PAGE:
Homemade Remedies for Teething Babies
May 18, 2013
If your little one is slobbering worse than your pooch and gnawing on everything in reach, she’s probably sprouting a tooth or two. And considering teething is one of the most common causes of daytime fussiness and nighttime sleeplessness in kids between the ages of six months and two years, you’re probably willing to try just about anything to help her through the process.
Navigating all the teething options available can be daunting and expensive. “With three kids aged one, three and four — and one on the way — I’ve used everything from pain medicine and numbing gel to ice bags, teething rings, popsicle packages, cold apples and stuffed toys,” says mom and craft blogger Sara Lanan. Despite all the commercial teething remedies available, sometimes you needn’t look farther than your kitchen or the linen closet. In addition to their convenience, these homemade remedies are easier on the planet and your pocketbook, since you’re not buying special teething toys you’ll use for a few months then throw away when they’re no longer useful. Of course, always double-check with your little one’s health-care provider before administering any at-home or over-the-counter teething aid.
The Humble Washcloth
Many folks, from experienced moms to health-care professionals, recommend the washcloth trick, because it’s simple, relatively mess-free and effective. You can experiment with shapes by rolling the cloth into a cylinder or folding it so that it has a thin, tapered tip. Elevate the simple washcloth teether by soaking it in something more exciting than water, like chamomile tea or diluted fruit juice. “I took it one step further and tried freezing yogurt onto the washcloth as a teething treat for my daughter,” says Bianca Tarlton, founder of the blog The Pierogie Mama.
Cold objects are a good way to soothe sore gums. And getting creative with popsicles might be the most fun method for moms and babies. If you’ve got an early teether, you can use molds to make formula or breast-milk popsicles — just keep them small enough for tiny mouths. Fruit purees without added sugar make delicious, healthy teething pops for tots who have started eating solid foods. Use mini silicone baking cups as molds to create a rippled edge that massages gums.
Cool as a Cucumber
You don’t always have to freeze your gum-soothing tools. Sometimes, giving baby a cool, firm veggie or fruit to gnaw on does the trick. “It’s important to give large pieces of produce to reduce the risk of choking,” recommends registered dietitian and certified personal trainer Lauren Schmitt, M.S., R.D., C.P.T., of Healthy Eating & Training, Inc. “For instance, give a whole peeled carrot that has been chilled in the refrigerator, not a baby carrot. Celery stalks or half an apple are other examples. Not only are you able to avoid putting a plastic teething ring in your child’s mouth, you’re also able to familiarize him with the taste of different types of produce.”
Change It Up
Just because the washcloth comforted your little Chewbacca this morning doesn’t mean it’ll hit the spot this evening. Be prepared to change your method as often as you change your little one’s drool-soaked bib. Another trick is to “microwave a piece of a bagel for 30 seconds and let it cool down. It becomes rock hard,” says Weinstein. Make softer teethers by knotting or braiding fabric strips cut from clean old sheets, T-shirts or other textured cloth items.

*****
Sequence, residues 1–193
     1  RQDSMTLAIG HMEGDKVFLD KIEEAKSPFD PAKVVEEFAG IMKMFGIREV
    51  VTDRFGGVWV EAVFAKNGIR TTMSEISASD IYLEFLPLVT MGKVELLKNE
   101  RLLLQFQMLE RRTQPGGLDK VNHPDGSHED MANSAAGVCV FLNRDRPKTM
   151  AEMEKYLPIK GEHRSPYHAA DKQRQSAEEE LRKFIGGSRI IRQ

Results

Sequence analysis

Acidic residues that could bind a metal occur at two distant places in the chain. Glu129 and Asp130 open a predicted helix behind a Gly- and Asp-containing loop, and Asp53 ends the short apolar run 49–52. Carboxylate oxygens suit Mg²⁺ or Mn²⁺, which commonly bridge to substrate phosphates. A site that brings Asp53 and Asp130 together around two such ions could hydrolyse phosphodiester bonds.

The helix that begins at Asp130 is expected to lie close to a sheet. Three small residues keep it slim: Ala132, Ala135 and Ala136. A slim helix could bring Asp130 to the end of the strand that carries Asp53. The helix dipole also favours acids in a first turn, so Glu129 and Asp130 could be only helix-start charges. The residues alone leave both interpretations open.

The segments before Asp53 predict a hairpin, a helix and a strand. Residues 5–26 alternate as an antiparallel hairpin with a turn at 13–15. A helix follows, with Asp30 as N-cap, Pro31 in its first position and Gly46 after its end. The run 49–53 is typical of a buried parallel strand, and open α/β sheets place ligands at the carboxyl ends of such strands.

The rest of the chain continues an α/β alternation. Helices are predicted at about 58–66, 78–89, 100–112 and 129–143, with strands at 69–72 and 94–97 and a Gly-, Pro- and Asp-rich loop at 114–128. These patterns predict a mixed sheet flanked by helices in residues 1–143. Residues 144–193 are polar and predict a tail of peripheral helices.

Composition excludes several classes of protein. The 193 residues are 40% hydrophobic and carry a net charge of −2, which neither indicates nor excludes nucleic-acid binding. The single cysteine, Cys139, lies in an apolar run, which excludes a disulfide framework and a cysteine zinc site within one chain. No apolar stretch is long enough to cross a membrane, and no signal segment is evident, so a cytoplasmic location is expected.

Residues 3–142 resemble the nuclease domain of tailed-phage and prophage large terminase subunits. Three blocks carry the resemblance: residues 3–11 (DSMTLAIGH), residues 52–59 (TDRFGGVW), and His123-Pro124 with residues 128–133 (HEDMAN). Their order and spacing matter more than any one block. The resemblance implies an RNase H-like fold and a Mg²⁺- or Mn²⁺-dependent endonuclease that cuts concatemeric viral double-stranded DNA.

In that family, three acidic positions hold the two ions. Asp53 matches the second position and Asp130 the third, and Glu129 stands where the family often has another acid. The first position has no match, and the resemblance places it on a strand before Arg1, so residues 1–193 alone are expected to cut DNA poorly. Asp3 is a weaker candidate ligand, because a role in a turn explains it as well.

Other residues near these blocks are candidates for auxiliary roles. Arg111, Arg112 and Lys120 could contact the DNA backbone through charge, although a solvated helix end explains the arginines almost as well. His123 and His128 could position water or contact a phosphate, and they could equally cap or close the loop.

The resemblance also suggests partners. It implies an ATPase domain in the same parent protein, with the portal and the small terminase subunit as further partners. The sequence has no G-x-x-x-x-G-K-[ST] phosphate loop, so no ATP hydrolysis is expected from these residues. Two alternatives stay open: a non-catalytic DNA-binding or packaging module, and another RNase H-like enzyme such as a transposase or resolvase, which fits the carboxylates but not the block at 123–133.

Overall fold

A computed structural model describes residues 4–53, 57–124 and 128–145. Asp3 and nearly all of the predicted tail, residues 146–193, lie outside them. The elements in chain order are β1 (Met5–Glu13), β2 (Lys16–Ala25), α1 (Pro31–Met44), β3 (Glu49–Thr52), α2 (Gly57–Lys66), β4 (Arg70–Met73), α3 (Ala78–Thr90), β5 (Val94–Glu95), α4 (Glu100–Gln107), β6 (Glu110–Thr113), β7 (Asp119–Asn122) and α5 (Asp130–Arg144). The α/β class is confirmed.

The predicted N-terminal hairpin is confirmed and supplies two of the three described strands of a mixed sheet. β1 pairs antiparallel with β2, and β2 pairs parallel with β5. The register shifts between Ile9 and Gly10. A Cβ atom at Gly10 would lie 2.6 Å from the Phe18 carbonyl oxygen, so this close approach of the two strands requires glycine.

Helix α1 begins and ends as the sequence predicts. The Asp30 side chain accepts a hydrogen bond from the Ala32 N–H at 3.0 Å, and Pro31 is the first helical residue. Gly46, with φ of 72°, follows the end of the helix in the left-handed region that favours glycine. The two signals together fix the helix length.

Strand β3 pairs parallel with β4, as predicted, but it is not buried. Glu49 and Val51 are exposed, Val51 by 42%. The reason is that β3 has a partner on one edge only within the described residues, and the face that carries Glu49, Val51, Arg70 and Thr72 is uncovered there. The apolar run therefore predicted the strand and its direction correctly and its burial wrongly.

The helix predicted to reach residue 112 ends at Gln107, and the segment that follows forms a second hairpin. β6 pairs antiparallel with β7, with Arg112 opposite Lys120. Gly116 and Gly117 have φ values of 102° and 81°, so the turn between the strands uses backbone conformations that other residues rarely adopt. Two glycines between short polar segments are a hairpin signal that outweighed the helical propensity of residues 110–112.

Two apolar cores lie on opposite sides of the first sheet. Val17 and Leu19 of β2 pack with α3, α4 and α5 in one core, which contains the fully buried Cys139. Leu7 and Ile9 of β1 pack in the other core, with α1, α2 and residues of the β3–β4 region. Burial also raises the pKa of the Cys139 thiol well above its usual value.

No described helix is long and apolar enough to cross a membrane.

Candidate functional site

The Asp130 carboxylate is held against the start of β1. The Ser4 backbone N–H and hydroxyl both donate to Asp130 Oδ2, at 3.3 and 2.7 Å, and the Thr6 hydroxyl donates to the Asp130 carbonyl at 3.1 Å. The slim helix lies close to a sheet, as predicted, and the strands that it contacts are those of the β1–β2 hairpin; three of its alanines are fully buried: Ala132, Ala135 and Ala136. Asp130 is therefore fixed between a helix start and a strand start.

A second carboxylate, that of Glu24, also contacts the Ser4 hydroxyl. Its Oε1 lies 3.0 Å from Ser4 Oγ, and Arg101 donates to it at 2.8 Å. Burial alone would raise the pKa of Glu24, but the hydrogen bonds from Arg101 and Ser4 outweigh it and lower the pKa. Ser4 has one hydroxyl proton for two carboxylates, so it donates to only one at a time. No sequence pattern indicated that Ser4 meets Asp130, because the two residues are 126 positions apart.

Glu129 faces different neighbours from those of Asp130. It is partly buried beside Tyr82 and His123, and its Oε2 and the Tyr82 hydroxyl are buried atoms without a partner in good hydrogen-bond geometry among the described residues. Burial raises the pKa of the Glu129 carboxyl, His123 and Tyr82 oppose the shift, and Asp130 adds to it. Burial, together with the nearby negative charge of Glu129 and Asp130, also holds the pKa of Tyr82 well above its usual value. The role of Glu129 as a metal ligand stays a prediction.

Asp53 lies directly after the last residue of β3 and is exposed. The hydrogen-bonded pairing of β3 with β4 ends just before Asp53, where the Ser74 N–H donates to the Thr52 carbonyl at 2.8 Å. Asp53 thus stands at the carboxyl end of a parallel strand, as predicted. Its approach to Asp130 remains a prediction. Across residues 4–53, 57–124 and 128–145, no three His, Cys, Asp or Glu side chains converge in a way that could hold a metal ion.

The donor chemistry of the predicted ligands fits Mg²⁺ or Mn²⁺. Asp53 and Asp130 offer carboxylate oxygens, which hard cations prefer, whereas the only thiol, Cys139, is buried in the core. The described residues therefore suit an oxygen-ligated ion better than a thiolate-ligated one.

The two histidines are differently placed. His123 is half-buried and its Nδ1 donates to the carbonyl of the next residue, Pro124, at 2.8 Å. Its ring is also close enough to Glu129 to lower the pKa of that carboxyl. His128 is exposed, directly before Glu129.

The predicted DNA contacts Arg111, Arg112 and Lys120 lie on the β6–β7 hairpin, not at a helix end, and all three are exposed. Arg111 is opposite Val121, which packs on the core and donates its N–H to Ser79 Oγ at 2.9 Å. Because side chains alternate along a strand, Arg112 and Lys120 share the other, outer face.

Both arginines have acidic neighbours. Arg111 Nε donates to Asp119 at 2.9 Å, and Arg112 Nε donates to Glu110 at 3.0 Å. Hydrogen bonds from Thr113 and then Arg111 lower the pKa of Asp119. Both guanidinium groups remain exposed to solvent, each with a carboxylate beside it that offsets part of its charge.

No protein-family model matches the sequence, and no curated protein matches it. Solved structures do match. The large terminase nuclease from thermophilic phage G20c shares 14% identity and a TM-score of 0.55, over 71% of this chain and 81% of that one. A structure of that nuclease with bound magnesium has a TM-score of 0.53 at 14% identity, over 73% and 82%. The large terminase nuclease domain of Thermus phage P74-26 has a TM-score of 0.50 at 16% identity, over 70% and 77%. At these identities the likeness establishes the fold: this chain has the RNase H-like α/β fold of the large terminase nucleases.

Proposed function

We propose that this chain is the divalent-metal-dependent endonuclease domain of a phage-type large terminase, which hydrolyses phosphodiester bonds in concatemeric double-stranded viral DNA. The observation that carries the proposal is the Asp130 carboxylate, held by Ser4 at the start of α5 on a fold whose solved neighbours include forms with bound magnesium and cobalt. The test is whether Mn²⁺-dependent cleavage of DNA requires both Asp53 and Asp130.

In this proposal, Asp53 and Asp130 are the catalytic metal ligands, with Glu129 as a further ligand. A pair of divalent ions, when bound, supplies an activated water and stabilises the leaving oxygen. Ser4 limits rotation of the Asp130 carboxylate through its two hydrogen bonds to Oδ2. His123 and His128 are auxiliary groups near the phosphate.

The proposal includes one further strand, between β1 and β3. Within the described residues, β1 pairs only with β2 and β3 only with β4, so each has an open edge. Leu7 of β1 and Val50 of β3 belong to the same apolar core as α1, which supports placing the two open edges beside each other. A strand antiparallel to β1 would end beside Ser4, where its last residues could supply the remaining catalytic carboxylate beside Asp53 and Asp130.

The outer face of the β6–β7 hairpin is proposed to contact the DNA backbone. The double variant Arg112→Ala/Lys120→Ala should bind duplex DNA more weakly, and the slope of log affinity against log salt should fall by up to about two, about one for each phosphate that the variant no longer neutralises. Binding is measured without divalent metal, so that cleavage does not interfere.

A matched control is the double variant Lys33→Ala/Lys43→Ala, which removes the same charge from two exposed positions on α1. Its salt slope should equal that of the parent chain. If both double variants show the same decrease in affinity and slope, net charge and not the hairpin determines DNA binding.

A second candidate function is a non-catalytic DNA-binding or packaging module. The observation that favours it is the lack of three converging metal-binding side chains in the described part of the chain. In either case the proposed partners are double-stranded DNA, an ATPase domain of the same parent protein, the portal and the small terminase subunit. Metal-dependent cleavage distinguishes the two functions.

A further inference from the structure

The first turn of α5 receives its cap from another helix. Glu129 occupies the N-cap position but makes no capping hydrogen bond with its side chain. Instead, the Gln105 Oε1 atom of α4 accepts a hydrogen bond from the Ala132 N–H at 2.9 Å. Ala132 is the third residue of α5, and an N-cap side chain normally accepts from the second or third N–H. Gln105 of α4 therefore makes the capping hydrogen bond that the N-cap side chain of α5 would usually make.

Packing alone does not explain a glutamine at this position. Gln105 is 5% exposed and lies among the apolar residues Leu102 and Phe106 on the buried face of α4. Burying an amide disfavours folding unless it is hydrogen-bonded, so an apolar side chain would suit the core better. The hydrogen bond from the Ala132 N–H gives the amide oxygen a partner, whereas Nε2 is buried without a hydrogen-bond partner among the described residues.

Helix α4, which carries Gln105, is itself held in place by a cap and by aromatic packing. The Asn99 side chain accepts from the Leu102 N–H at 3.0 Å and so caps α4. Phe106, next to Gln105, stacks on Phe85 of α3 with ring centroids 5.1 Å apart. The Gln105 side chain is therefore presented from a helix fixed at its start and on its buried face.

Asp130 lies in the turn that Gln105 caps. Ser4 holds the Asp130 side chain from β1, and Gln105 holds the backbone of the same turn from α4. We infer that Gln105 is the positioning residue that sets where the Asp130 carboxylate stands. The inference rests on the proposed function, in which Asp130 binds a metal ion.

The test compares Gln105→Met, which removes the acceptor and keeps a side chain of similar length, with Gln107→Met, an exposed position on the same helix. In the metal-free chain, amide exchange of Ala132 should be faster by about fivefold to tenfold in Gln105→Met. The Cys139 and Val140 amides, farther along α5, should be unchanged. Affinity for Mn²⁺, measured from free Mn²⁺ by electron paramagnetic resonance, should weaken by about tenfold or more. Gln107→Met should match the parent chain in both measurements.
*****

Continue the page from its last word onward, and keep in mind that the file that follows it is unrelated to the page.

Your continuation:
Sometimes, the best way to soothe sore gums is to snuggle and nurse. “The one trick I always come back to is nursing,” says Lanan. “Because it works!” Since nursing is a powerful comforter, some breast-fed babies may want to nurse more often when teething. They may also “latch, suck or gum harder,” warns Lanan. But the ability to soothe your teething baby when nothing else seems to work is often worth the inconvenience.
No matter what teether you use, always supervise baby as she goes to town on her chew toy of choice. Keep in mind that some over-the-counter teething remedy ingredients, such as benzocaine and belladonna, carry Food and Drug Administration warnings, making them inappropriate for young children. If you choose to go with commercial teething toys, make sure they are free of B.P.A., P.V.C. and phthalate.
Jennifer King-Lewis has written and edited since 1994 and now works as a business technical writer. Her articles appear on GardenGuides, eHow and LIVESTRONG.COM. King-Lewis has a Bachelor of Arts in English, a minor in Latin American and Caribbean studies, coursework in yoga and certifications in nutrition and childhood development.
Disclaimer: The views and opinions expressed in this post are solely those of the author and do not necessarily reflect the opinions and views of Stonyfield. The content provided, and in any linked materials, are not intended and should not be construed as medical advice. If you have any
questions about health or nutrition, we always think it’s best to consult with your doctor or healthcare practitioner. The author is a paid spokesperson for Stonyfield.